9. I have yet been asked for a blurb (what the hell’s wrong with me?) but I have been asked to read manuscripts. I’m quickly getting to the point where I would like to say, “Give me twenty pages and an outline” and make that my mantra. (I said this at P.J. Parrish).
    I think it’s hard to give blurbs. If you’re excited about it, it will come through. If you aren’t…how do you remain ethical? How do you damn with faint praise and hope people get the hint? You don’t want your name on some books. How do experienced people deal with this?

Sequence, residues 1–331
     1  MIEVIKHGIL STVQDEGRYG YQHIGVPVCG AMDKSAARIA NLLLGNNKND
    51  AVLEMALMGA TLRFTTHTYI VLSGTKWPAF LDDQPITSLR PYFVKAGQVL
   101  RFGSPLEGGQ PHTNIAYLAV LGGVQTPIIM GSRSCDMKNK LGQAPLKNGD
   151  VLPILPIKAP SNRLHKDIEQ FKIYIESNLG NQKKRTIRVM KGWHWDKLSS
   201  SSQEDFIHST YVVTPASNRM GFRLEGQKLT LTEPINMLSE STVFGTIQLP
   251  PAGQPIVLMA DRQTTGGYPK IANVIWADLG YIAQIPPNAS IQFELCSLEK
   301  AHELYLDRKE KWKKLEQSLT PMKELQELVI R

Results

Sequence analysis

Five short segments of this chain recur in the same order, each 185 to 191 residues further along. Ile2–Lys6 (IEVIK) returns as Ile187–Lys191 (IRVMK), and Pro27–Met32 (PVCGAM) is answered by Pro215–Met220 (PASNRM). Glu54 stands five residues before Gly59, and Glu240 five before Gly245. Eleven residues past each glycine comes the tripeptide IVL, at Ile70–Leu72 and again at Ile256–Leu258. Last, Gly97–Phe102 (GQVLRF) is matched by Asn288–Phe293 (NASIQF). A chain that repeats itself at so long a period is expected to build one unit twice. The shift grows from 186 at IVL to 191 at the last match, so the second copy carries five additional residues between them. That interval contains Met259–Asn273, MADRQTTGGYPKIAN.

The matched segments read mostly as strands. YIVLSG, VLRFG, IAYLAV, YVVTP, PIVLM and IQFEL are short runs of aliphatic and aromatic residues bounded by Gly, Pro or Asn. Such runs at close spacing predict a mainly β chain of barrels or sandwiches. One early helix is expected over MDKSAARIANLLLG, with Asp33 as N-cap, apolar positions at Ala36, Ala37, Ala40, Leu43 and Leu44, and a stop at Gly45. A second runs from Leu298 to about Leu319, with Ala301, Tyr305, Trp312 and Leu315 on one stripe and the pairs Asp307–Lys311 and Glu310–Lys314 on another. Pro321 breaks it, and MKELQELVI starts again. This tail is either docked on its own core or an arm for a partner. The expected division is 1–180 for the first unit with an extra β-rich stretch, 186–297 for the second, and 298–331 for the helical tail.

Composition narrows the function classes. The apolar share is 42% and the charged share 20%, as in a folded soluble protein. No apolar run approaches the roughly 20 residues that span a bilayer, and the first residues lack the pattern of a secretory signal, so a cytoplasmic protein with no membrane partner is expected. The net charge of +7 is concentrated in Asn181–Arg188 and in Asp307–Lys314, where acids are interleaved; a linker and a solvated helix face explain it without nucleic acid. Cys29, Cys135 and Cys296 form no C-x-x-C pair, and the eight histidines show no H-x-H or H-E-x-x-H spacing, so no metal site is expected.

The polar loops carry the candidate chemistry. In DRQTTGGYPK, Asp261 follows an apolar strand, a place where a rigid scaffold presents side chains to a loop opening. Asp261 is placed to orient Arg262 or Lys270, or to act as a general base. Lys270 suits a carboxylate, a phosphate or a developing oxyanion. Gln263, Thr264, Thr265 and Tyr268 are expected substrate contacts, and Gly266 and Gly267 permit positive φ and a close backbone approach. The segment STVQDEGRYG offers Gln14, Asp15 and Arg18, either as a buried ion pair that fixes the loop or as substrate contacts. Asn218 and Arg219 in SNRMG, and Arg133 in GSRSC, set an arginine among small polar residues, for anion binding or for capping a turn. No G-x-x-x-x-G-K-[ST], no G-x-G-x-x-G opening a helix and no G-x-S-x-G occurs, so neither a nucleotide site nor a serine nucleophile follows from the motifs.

10. J. Carson Black: The flip answer is to quote P.J. Parrish and say to grow a thick skin and tell ’em the baby’s ugly. After all, you writers are supposed to have that anyway, right?
    Seriously, I can see it would be a problem if it’s someone who’s a friend first and an attempted writer after. Friendships can die off for the damnest of reasons, and you’d hate to let a 300-page manuscript be the cause.
    My solution is to simply have no friends. Saves a lot of wear and tear and it leaves me with more time to blog.

  11. That’s a key element in getting work done Bill. What I’m wondering about is the “tin-ear for dialogue” quip. What would an example of this bogus dialogue look like?